Casey on high after the ideal Ryder Cup rehearsal - Golf - Sport - The Independent

Casey on high after the ideal Ryder Cup rehearsal

In winning the HSBC World Match Play in record fashion Paul Casey made risible any worries that a succession of long 36-holes matches this week could hamper European chances at the wildly anticipated Ryder Cup. A combination of fine play and remarkable fitness made certain Casey will head to the K Club not just with a cheque for £1m but with his confidence sky high.

The 29-year-old Englishman tends to be a mood player and with his tail up, as this week, he is a proven winner. He defeated three major champions, plus Colin Montgomerie, over four outstanding days, none of which lasted longer than the 15th hole in the afternoon.

Yesterday's final was his shortest match as he defeated Shaun Micheel 10 and 8. It was a record for the final, better than Nick Faldo's 8 and 7 drubbing of Jeff Sluman in 1992, and when presented with a chance to go for a quick kill Casey did so, winning the last five holes.

His total of 124 holes for the four days' work was also the most efficient progression of any champion. "I felt tired on Saturday morning but right now I'm fine," Casey said. "My fitness helped this week. Physically I was able to do what I wanted to do in controlling the ball and that helped me stay mentally sharp.

"I'm really looking forward to next week and this was good preparation in terms of matchplay and coping with the long days. I can go five times if necessary but I'm just there to do whatever I'm asked." Casey suggested the victory would not change how he felt about himself for the Ryder Cup but might change how others looked at him, in both team rooms. This victory puts him top of the European Order of Merit.

"This is the biggest win of my career, not just financially but in terms of putting myself on a roll of honour with the names on this trophy," he added. "It is all about belief that you should be in this position and capable of winning world-class events. Luke Donald and David Howell have got to that level and now I have."

Casey became the first winner at his first attempt since Ernie Els in 1994 and only the third Englishman to take the title after Faldo and Lee Westwood. Coming from nearby Weybridge, it was particularly special and even more so for never having won a match in the other World Match Play event in California.

Micheel did some of the heavy lifting for Casey by putting out the world No 1, Tiger Woods, on Thursday but his third European Ryder Cup opponent in a row proved one too many. With Tiger off the premises, Casey felt able to wear a red shirt and the effect was Woodsian. The key moment of the final appeared to come at the 16th hole in the morning. Casey was one-up but at the front of the green when the hole was cut right at the back. Micheel, however, following a misunderstanding on the yardage or the club, hit his approach over the green in front of a grandstand and six feet down a bank.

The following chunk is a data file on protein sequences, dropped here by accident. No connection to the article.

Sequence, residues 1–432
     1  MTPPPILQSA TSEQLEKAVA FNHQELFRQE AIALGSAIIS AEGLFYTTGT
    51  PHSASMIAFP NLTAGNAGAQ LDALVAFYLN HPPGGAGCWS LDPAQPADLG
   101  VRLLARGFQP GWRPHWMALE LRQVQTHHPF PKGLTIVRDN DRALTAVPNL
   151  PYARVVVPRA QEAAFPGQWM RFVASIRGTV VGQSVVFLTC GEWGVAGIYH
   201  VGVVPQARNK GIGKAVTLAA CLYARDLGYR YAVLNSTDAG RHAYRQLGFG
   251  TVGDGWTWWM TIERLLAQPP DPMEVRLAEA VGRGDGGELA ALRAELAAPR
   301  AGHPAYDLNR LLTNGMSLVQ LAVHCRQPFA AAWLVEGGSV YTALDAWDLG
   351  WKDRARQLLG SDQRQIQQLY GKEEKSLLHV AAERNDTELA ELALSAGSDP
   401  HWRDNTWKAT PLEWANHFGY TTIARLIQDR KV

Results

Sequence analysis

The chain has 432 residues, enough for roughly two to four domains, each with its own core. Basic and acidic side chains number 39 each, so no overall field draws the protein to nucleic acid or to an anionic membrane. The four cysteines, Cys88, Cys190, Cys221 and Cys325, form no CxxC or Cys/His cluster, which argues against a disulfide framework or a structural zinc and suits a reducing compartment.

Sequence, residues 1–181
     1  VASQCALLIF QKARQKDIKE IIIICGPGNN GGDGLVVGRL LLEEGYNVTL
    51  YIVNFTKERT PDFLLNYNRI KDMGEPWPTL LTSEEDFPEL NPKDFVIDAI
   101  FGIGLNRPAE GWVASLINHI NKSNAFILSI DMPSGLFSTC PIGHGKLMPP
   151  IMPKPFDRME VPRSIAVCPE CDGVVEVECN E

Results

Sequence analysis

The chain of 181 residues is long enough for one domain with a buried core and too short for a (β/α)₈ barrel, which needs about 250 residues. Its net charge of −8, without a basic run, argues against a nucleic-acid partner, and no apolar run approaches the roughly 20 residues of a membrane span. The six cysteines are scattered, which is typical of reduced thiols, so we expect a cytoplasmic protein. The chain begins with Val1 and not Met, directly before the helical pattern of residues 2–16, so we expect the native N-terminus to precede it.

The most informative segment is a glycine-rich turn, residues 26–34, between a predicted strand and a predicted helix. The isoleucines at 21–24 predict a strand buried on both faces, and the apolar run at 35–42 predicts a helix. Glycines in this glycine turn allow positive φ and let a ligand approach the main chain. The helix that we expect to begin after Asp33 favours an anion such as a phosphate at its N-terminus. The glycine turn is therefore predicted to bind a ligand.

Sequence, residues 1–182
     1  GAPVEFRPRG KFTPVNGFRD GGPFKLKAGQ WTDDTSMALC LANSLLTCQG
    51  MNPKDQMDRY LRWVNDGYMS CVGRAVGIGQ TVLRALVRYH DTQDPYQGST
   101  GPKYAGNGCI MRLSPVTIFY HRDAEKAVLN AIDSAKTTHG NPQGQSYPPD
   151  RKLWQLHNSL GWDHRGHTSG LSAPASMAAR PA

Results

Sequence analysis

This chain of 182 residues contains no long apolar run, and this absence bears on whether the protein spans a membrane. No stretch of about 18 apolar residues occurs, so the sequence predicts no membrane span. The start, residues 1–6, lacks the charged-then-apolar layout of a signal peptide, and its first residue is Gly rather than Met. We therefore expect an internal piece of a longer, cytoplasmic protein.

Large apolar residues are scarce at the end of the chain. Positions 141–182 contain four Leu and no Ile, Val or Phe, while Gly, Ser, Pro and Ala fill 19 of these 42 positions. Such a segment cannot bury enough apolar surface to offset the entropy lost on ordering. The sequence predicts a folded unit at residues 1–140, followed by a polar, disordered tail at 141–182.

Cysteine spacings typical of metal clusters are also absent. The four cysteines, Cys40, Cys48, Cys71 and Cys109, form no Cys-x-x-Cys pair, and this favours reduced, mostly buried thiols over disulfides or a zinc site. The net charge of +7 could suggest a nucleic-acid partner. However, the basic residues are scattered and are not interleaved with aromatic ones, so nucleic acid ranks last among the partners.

He then thinned his chip over the green and although Casey three-putted, Micheel lost the hole with a six to a five. While walking from the green to the next tee the American told his caddie in no uncertain terms that it would be best if he did not speak again and also suggested he might not be requiring his services for the rest of the season. Casey took advantage with two mighty blows on to the 17th green to go three-up. The pair halved three holes in birdies in the morning but when Casey went out in 31 in the afternoon, for the second time in the day, Micheel could not stay with the Englishman.

Birdies at the second and fourth put Casey five-up and as Micheel's game wilted, Casey seemed to get stronger. A succession of stunning approach shots at the seventh, eighth and ninth, none longer than six feet, gave Casey three birdies in a row and when Micheel failed to birdie the short 10th he conceded the match. "It is disheartening when you make it this far and don't play well," said the USPGA champion from 2003. "But Paul played some great golf and some great iron shots at the end."

World Match Play (Wentworth): Semi-finals (Saturday): P Casey (Eng) bt C Montgomerie (Sco) 6 & 5; S Micheel (US) bt R Karlsson (Swe) 2 holes. Final (yesterday): Casey bt Micheel 10 and 8.

How the Ryder Cup players fared this weekend

* EUROPE

D Clarke Finished 15 shots behind the winner Ian Poulter at the Madrid Masters

P Casey: Won World Match Play at Wentworth

L Donald: Lost in quarter-finals at Wentworth

P Harrington: Finished seven shots off the lead at the Madrid Masters

D Howell: Lost in first round at Wentworth

R Karlsson: Lost in semi-finals at Wentworth

C Montgomerie: Lost in semi-finals at Wentworth

J M Olazabal: Finished nine shots off the lead at the Madrid Masters

Not playing: S Garcia, P McGinley, H Stenson, L Westwood

* UNITED STATES

C Campbell: Missed cut in Lumber Classic, Pennsylvania

C DiMarco: 11 shots off lead after Lumber Classic third round

J Furyk: Lost in first round at Wentworth

D Toms: 10 shots off lead after third rd of Lumber Classic

S Verplank: Missed cut in Lumber Classic

B Wetterich: 15 shots off lead after third rd of Lumber Classic

T Woods: lost in first round of World Match Play

Not playing: S Cink, JJ Henry, Z Johnson, P Mickelson, V Taylor

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